Year when photo was taken:1932Country name at time of photo:Czechoslovakia, 1918-1938Country name today:Czech Republic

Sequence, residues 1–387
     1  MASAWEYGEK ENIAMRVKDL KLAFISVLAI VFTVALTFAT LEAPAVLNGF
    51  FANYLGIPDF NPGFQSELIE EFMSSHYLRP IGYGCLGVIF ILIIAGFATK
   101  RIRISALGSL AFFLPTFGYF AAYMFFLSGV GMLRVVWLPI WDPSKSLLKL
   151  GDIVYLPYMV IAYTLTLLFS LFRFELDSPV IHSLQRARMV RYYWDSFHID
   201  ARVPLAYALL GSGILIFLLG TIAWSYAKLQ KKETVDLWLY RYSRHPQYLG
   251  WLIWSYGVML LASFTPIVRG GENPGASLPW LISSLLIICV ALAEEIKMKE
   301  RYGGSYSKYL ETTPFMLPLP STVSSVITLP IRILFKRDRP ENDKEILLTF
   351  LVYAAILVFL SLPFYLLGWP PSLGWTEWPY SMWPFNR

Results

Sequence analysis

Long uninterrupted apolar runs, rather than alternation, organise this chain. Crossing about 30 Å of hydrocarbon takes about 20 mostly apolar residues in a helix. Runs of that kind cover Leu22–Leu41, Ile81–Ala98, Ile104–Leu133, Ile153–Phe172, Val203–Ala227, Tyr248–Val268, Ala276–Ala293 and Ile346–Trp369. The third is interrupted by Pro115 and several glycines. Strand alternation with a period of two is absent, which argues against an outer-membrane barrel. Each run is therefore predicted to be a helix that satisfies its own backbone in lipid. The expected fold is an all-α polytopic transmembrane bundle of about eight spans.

This is a picture of Rudolf Stern and Elsa Sternova, my mother's parents. And between them am I, when I was about 2. But I have no clue where the photo was taken. Grandma Sternova was generous, but was stricter with us. On the other hand, Grandpa Stern spoiled us rotten. My grandparents lived together in Kamberk, where they had a huge farm estate. My grandpa probably had some sort of agricultural high school, because as a farmer he was very successful. But it was terrible drudgery. That estate was really very large, because twelve families lived there. They worked for them in the fields and gardens, basically whatever was needed. And got a salary for that. They had horses, cows, poultry, everything. From 1928 onwards, when my mother, Hedvika Kosinerova, was married, Grandpa and Grandma lived in Prague. They sold the farm and bought half of an apartment building on Veletrzni Street, and lived on the rent from it. I don't think that this transaction was connected to my mother's wedding in any way, more likely they were toil-worn and wanted to retire. What's more, it had probably been planned for a long time, because they bought the building with some distant relative of my grandmother's, and Grandma had half and they had half, so it must have been agreed upon long before. As far as religion goes, my grandfather on my mother's side regularly attended synagogue. At least once a month. But mainly he always observed the New Year [Rosh Hashanah] and the Long Day [Yom Kippur]. He was brought up that way at home, likely by his father, because his mother didn't observe anything. You know, what could you observe in those villages. Both his parents were Jews, just like my grandma's, they were generations of Jewish families. But they were village families. I suspect that they tried to live in such a way so as not stick out too much from the other villagers. Some sort of attending synagogue was of course not possible in a village in those days. Nevertheless neither did my grandfather live in some sort of Orthodox fashion, he observed only the High Holidays, didn't eat kosher and on the contrary, spent Christmas with us children. Neither did he try to exert some sort of religious influence or pressure. No one talked about it in that family. He lived his own internal life, but without us. I think that Grandma finished junior high, and then she worked on that farm - they slaved away there - and also took care of the children. She had five of them, but three died in 1918 or 1919, when the Spanish Flu was at its peak. She didn't live in any particularly religious fashion.